As a result, high blood pressure (pulmonary hypertension) may occur in the lung blood vessels since there is more blood being pumped than normal. If people with pulmonary hypertension have low oxygen levels or cyanosis, this is a more serious condition, called Eisenmenger Syndrome. Pulmonary hypertension may cause heart, lung, and blood problems. If permanent lung and heart damage occurs, VSD closure may no longer be an option. If you have pulmonary hypertension, you need to be seen regularly in an Adult Congenital Heart Disease Clinic.
People with VSDs are also more at risk for having an infection of the heart lining caused by bacteria (endocarditis). Long-term untreated endocarditis can also cause permanent and severe damage to the heart valves.
The ECG is the best way to identify your heart rhythm and to determine whether any of the heart chambers are enlarged. It may also suggest other issues of importance we may need to deal with at the time of your procedure.
Magnetic Resonance Imaging (MRI)
An MRI of the heart may play an important role in some patients suspected of having a VSD. MRI is the gold standard for measuring the left ventricle. MRI images can be used to calculate a very accurate volume of the left ventricle. In patients with small VSDs, this will help us to decide if the VSD needs to be closed. In some patients we cannot find all of the pulmonary veins on TEE. MRI is the best at finding these “missing veins”.
A Holter monitor is a small recording device which attaches to leads on the chest. It monitors the heart rhythm continuously for up to 2 weeks. If you complain of palpitations (i.e. extra beats or fast heart beats), your doctor may ask for a Holter prior to the VSD closure procedure.
Frequently Asked Questions
Are there any lifestyle restrictions following VSD closure?
In general, there are minimal lifestyle restrictions following VSD closure. VSD closure is performed to return people to normal functioning and health. Given the procedure is performed through punctures in the blood vessels in the leg, we caution against vigorous exercise in the 2 weeks following the procedure. We would like those punctures to completely heal before any form of aggressive exercise is performed.
Will I need any further treatments following treatment?
In the short term following your procedure, you will be given a follow-up appointment to monitor your progress. You will see the doctor and an echocardiogram will be performed. If all is well, your doctor will send you back to your local physician. If there are any unresolved issues or questions your doctor may elect to have you follow up again to make sure all is well. A complication of trans-catheter VSD closure may include hemolysis or breakdown of red blood cells. Ask your doctor about this.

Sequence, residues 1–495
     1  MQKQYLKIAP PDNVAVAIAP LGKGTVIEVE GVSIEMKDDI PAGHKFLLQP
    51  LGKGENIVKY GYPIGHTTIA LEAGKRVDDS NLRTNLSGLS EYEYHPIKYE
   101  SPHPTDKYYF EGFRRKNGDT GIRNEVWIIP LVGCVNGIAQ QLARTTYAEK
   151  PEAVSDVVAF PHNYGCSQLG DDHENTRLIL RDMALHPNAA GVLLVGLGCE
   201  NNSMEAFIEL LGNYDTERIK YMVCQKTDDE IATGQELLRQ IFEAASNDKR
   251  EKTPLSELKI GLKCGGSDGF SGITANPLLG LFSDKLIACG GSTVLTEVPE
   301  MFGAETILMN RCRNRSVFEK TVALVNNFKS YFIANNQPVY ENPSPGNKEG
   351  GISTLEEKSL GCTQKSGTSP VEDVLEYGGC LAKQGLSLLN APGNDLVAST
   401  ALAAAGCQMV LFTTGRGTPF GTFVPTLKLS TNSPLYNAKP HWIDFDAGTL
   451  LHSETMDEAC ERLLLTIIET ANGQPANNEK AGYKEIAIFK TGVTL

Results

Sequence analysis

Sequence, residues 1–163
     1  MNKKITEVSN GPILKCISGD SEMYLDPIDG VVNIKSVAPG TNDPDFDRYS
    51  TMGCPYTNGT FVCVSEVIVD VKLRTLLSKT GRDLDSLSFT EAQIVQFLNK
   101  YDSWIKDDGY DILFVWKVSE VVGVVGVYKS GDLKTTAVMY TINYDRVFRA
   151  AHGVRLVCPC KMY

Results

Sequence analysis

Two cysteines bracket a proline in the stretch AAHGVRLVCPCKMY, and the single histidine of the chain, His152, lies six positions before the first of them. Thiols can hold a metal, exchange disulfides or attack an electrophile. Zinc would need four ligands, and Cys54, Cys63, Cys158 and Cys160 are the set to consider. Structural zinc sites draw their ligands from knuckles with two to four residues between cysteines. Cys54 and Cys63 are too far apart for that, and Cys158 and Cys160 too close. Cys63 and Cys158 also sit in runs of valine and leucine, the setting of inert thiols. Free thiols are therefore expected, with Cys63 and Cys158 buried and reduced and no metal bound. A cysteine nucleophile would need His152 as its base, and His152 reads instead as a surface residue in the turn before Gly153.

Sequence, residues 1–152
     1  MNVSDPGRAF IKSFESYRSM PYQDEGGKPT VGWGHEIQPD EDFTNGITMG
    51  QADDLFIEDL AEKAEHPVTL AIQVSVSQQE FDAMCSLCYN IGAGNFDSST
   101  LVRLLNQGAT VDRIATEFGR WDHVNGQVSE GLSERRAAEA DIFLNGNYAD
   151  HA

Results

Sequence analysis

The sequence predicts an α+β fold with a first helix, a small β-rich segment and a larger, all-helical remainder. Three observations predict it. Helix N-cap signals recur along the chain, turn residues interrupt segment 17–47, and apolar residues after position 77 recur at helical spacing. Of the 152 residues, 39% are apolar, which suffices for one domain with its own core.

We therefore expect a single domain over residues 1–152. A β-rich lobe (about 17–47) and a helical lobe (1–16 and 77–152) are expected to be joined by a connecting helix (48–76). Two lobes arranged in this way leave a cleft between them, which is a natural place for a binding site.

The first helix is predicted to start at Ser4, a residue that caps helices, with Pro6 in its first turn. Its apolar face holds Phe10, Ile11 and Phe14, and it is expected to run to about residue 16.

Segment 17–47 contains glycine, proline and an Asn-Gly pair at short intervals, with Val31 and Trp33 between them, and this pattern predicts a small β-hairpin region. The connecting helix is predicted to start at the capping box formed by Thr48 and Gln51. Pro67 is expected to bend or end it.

Can I play sports?
You may return back to your normal physical activities after 14 days or so. You should start off by walking at a normal pace and gradually begin increasing aerobic exercise intensity after the second week. Contact sports should be avoided for at least a month after surgery.
Will OHIP (public insurance) cover my VSD closure?
How urgent is the treatment?
The urgency of treatment is highly dependent on your situation. It is rare for a VSD closure to be truly urgent. In most cases, there is no urgent need to repair the hole. If treatment is required, the urgency depends on the type, location, and size of the hole, in addition to signs of atrial enlargement. Usually, a delay of several months is not significant. It is more important to thoroughly assess the problem than to jump in and perform a procedure urgently.
PREPARING FOR YOUR
Thorough preparation before a diagnostic test or interventional procedure is essential.
Learn how to prepare for your specific appointment by clicking one of the options below:
Questions specific to your appointment? Call Sue!
Socorro (Sue) Jimeno
Clinical Coordinator, Structural Heart Disease Program
Phone: 416 340 4800, extension 6258
Fax: 416 340 4741
Questions? Call our Office!
Structural Heart Disease Program (Patients)
Socorro (Sue) Jimeno, Clinical Coordinator
Phone: 416-340-4800, extension 6258
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Toronto General Hospital
200 Elizabeth Street | 6E - 249
Toronto, Ontario M5G 2C4